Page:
From Christine: “I read it in one sitting, unable to put it down until there were no more words. Quite simply, Memorial is a strong contender for the National Book Award, if not the winner. This novel stands as an exemplar of literary fiction: strong, sparse, and authentic prose telling a compelling story. In this case, that of two emotionally-detached gay men–Benson and Mike, whose relationship is floundering. Memorial broke my heart in little ways and in big ways, especially as I wondered about a gay friend, and then mended it anew. Hope doesn’t have to be packaged dripping with over-sentimentality. Washington’s book is all about seeing each other and ourselves as “fully realized human beings” complete with all the imperfections. Plus, I love the line about how to get good customer service in Houston!”
From Eugenia: “‘Slowly, slowly, and then all at once.’ That is how Memorial pulled me in and stomped on my goddamn heart. By the end, I was clutching my chest and sighing, in hopes of more pages, more time with Benson, Mike, and Mitsuko (officially one of my favorite literary moms– is that a thing?). Bryan Washington writes like no one else, and I want so badly to live inside his sentences. There are these moments he creates where there is so much life happening between the lines, in the smallest gestures of his characters. Memorial is about love and family, grief and desire, intimacy and loneliness; about the way we build and destroy memory, and life itself. (Oh, and of course there’s food. There’s so much food.)”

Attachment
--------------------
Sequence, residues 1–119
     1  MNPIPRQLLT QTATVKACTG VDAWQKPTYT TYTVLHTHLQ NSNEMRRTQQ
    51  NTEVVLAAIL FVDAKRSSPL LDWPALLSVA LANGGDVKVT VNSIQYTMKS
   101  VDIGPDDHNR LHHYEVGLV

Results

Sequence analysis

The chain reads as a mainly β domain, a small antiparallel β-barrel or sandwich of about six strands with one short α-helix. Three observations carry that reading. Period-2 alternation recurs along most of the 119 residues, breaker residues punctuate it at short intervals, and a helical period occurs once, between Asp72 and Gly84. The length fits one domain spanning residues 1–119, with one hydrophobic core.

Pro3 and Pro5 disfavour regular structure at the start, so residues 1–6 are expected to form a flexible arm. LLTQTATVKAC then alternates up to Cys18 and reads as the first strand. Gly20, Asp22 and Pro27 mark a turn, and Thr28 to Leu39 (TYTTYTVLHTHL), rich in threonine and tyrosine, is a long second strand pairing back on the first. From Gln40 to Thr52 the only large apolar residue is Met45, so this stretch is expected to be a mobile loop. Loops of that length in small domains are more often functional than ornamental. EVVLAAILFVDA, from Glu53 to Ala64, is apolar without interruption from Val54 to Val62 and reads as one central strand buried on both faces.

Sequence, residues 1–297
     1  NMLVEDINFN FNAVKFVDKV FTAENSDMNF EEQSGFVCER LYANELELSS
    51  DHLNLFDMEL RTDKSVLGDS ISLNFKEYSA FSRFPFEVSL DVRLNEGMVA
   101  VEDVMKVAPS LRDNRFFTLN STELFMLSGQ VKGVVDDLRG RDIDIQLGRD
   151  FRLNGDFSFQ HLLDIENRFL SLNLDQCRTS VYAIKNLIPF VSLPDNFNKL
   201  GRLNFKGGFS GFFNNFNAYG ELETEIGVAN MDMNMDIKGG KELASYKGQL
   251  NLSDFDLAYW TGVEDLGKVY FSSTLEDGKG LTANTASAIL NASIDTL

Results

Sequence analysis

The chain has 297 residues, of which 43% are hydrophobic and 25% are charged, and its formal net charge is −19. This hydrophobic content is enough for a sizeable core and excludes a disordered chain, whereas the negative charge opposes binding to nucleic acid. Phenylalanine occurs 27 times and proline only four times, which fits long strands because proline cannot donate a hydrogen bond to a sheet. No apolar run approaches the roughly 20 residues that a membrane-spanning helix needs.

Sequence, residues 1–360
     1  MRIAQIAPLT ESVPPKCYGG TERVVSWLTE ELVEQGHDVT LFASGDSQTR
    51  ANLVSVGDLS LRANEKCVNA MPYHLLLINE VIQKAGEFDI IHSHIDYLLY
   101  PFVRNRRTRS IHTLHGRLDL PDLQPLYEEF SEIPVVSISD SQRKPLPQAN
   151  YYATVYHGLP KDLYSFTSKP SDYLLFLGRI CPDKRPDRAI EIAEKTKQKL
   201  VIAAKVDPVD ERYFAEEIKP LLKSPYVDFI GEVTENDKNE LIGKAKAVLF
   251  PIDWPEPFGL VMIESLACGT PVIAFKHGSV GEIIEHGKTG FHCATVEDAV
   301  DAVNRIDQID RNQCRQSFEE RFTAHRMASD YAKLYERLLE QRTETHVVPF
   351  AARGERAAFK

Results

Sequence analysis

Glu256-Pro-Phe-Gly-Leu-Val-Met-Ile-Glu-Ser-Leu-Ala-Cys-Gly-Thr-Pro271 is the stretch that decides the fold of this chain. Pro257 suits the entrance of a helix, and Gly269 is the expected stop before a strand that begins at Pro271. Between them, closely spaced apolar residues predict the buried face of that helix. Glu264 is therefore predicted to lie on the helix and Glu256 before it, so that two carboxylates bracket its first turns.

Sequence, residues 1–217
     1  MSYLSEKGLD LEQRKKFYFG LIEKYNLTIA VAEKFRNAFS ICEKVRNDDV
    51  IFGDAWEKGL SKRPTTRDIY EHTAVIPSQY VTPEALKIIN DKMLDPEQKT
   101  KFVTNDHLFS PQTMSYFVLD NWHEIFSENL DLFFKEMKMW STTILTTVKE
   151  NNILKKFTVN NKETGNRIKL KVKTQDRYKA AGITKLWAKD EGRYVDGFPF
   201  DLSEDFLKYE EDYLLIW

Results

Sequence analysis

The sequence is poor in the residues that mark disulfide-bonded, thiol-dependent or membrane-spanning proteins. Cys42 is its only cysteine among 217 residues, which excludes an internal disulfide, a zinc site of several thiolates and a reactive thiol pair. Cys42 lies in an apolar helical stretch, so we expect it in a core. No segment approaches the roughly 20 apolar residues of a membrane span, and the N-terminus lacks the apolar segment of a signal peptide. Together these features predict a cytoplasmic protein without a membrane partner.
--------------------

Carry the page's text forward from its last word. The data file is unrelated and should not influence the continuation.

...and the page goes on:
We’ll be celebrating the release of this bookseller favorite with a virtual event featuring author Bryan Washington and Jaqueline Woodson tomorrow at 7PM CDT! Tickets are available now and book tickets will come with signed copies! Don’t miss out!
Inside Story by Martin Amis
From one of the most highly acclaimed writers at work today: his most intimate and epic work yet–an autobiographical novel of sex and love, family and friendship.